The Ruia family’s efforts to make London-listed Essar Energy private received a severe blow on Monday, with a five-member independent board committee rejecting the move.
The committee said the move 'clearly undervalued the company and its long-term growth prospects'.
The decision of the committee, comprising five members whom the company’s board considers free from conflicts of interest with regard to the proposal, is seen as a shot in the arm for minority shareholders, who had termed the possible offer by Essar Global Funds Ltd 'opportunistic'.
EGFL has the option of revising the price in its final offer by March 14.
Essar Energy had last week said EGFL had made a possible offer of 70 pence a share for the 22 per cent stake it did not already own in the company.
The Ruia brothers, who hold a controlling stake in Essar Energy, are beneficiaries of EGFL.
Essar Energy’s assets include the Stanlow oil refinery in Northwest England, besides power stations and oil refining facilities in India.
It raised 1.3 billion pounds by listing its shares on the London Stock Exchange (LSE) at 420 pence apiece in 2010.
Since then, the stock has fallen significantly. It closed at 64.55 pence on LSE on Friday.
“The independent committee is unanimous in its conclusion and is fully committed to safeguarding the interests of minority shareholders,” Philip Aiken, the committee’s chairman, said in a statement.
The company said it had also appointed Greenhill & Co to act as an independent financial advisor, alongside JPMorgan Cazenove.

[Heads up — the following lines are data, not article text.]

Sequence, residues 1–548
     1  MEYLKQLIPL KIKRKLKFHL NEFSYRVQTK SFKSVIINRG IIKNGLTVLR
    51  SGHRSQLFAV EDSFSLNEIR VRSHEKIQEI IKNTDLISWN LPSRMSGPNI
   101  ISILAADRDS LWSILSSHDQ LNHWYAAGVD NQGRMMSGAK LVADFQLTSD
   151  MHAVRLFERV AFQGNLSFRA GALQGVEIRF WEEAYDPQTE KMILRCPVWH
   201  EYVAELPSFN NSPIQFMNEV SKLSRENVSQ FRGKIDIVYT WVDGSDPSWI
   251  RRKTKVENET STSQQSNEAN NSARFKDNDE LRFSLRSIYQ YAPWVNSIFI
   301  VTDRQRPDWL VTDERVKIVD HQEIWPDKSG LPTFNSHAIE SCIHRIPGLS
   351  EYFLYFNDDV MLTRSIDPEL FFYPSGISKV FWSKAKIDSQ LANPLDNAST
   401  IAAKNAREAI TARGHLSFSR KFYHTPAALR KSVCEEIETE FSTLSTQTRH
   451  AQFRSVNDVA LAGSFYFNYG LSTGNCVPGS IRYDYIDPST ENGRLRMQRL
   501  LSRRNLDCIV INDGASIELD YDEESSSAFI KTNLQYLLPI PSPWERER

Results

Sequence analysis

Minority investors like Henderson Global Investors and Standard Life were vocal about their displeasure with the proposed offer, which, they felt, undervalued the company.
“Essar Global’s potential attempt to buy out the minority shareholders in Essar Energy, capitalising on a technically depressed share price, is a calculated attempt to deprive minority shareholders of the substantial future upside in Essar Energy’s valuation,” David Cumming, head of equities, Standard Life Investments, said in a statement.
“We look to the Essar Energy board to protect minority interests and not break commitments outlined to investors.
"This potential bid is an example of cynical opportunism and should not be allowed to proceed,” Cumming said in the statement issued last week.
Essar Energy, following its listing, has faced many challenges in its Indian operations, especially with a ‘policy paralysis’ bringing down economic growth to a decade’s low of below five per cent.
The latest challenge came in January, when the Union coal ministry threatened to cancel the mining rights owned by numerous industrial groups.
This put fresh concerns for the company’s already mothballed power plants.
The minority shareholders, however, feel that the worst is behind the company and, if they sell at the current offer price, they might lose on an upside in valuation.